Subducting lithospheric slabs coupled to surface plates exert a pull force that contributes to plate motions. In the upper mantle, ﬂow induced by slab density exerts tractions on the base of plates that further contribute to surface motions. Together, these forces act to make subducting slabs the main driving force for plate tectonics. However, our fundamental understanding of the fate of subducted slabs once they enter the upper mantle at convergent plate margins is limited by the scarce observational signatures of the process. Laboratory and numerical modeling of subduction dynamics have signiﬁcantly advanced our understanding of deep earth processes. The key for validating geodynamic models is the comparison of synthetic results to observations. Our goal is to use observations to generate quantitative constraints on the rheology of subducting lithosphere and the upper mantle and to understand how the interaction between the two may be reﬂected in surface tectonics.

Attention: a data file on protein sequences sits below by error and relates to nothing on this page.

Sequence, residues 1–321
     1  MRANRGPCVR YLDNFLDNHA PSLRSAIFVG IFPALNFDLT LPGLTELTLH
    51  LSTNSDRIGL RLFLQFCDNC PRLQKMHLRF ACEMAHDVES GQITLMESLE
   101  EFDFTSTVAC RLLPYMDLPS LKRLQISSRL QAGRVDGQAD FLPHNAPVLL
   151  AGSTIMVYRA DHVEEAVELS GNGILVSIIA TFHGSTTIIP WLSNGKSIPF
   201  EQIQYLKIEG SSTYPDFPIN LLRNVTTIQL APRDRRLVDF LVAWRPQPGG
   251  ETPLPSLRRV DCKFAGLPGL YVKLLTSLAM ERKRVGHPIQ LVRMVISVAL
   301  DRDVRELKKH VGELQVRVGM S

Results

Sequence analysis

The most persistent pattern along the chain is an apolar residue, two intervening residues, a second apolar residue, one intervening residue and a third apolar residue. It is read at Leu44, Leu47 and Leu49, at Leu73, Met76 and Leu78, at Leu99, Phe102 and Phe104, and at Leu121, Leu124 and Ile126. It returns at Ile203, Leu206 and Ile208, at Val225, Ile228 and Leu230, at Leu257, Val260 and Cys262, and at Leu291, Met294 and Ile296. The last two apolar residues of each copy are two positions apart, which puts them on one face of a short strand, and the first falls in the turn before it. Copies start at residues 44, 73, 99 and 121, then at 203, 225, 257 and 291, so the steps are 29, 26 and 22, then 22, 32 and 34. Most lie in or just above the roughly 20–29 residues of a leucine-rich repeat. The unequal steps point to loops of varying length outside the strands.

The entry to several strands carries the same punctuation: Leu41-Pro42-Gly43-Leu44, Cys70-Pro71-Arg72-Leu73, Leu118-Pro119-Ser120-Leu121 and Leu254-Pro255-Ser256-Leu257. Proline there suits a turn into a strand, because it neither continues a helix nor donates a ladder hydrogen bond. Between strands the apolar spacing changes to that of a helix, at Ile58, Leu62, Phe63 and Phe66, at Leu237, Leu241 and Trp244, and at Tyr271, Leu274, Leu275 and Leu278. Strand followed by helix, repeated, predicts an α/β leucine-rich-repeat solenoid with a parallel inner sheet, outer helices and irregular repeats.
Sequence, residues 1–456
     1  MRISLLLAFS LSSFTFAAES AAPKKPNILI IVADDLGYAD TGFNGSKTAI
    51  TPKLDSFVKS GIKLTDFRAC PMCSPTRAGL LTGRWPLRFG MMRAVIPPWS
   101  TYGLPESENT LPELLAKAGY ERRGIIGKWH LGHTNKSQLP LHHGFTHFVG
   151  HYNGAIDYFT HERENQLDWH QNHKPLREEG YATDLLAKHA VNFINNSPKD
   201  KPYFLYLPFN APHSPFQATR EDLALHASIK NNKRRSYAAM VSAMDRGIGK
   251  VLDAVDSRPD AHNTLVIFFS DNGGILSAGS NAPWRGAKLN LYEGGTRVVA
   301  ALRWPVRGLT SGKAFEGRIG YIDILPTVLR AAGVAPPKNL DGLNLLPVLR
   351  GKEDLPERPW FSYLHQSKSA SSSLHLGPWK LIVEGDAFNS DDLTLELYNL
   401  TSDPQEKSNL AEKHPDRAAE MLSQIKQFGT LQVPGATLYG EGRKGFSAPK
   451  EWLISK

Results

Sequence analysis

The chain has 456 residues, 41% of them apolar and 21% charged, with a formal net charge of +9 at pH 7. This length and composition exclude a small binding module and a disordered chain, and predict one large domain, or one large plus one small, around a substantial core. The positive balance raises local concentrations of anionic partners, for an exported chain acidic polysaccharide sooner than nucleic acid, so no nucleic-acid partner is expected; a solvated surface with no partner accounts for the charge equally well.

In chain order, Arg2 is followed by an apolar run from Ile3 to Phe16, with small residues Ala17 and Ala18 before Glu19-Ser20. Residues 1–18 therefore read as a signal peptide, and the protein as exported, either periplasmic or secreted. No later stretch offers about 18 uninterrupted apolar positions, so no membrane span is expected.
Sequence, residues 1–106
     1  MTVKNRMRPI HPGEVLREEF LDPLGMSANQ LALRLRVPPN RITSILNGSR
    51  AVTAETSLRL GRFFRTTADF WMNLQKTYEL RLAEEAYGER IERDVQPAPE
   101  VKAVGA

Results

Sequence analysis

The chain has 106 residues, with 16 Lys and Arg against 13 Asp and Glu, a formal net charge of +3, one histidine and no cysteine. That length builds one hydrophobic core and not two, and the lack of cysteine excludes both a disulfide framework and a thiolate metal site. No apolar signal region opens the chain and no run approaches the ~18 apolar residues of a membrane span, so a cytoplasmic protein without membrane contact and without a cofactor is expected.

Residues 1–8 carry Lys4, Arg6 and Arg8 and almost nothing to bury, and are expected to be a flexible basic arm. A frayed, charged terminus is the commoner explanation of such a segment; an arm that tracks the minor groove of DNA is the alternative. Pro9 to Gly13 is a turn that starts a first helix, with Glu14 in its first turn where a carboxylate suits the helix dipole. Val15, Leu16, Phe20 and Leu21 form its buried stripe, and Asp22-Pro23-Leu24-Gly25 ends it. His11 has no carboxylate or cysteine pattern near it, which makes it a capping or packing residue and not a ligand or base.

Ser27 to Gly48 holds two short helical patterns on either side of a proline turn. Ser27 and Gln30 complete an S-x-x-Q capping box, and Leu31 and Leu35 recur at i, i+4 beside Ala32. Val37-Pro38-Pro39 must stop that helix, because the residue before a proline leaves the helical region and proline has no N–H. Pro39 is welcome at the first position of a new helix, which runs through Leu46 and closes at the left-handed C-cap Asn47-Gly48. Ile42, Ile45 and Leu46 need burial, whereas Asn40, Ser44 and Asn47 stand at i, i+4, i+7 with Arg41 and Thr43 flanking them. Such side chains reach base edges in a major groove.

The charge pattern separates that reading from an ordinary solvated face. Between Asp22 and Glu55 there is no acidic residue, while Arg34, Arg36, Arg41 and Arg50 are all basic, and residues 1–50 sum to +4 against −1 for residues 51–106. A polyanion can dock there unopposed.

As deformation within subducting slabs in the upper mantle is accommodated by seismic strain release, seismicity has become the main observational tool in understanding subduction dynamics. Seismic tomography, shear wave splitting, geodetic observations, and surface tectonics also provide additional observations with which we can constrain our geodynamic models. Our goal is to utilize a variety of observations to construct a global geodynamic model that most closely accounts for the observations. We then adapt our general model for regional applications
Lisa A Alpert is currently working as a geologist at Aera Energy LLC, where she has been since 2012. She received her PhD in Geological Sciences from USC in 2012 and her MS in Geology from CSU Los Angeles in 2006. She is also a part-time professor of Geophysics at CSUB.